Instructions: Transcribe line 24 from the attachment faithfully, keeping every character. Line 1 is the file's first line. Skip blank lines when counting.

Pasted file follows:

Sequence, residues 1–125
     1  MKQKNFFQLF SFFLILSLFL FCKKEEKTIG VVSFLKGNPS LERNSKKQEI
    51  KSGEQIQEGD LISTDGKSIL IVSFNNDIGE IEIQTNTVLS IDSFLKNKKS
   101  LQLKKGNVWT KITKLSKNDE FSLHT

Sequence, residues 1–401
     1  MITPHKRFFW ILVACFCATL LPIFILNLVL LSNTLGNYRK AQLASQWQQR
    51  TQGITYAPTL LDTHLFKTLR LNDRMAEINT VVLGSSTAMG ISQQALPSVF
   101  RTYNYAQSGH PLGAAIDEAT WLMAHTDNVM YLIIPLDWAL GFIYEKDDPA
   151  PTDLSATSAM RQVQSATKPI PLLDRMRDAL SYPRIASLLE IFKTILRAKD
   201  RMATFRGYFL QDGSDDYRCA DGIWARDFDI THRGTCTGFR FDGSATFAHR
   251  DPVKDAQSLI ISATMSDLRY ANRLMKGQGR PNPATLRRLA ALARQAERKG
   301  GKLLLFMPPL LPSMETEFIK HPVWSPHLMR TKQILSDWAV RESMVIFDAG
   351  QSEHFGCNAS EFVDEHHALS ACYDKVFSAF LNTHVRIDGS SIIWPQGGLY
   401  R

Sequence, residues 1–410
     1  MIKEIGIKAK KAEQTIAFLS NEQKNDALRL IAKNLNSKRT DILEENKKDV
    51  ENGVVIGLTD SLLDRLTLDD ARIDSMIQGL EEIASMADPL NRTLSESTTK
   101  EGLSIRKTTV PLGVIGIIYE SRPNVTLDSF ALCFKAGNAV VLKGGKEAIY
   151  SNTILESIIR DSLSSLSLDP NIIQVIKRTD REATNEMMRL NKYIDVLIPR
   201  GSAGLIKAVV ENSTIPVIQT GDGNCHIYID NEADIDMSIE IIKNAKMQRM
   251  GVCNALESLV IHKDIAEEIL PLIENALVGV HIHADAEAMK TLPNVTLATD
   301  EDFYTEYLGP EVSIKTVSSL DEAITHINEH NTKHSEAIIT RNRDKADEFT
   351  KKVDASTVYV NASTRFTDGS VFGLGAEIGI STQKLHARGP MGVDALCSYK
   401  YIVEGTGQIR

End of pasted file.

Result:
   401  YIVEGTGQIR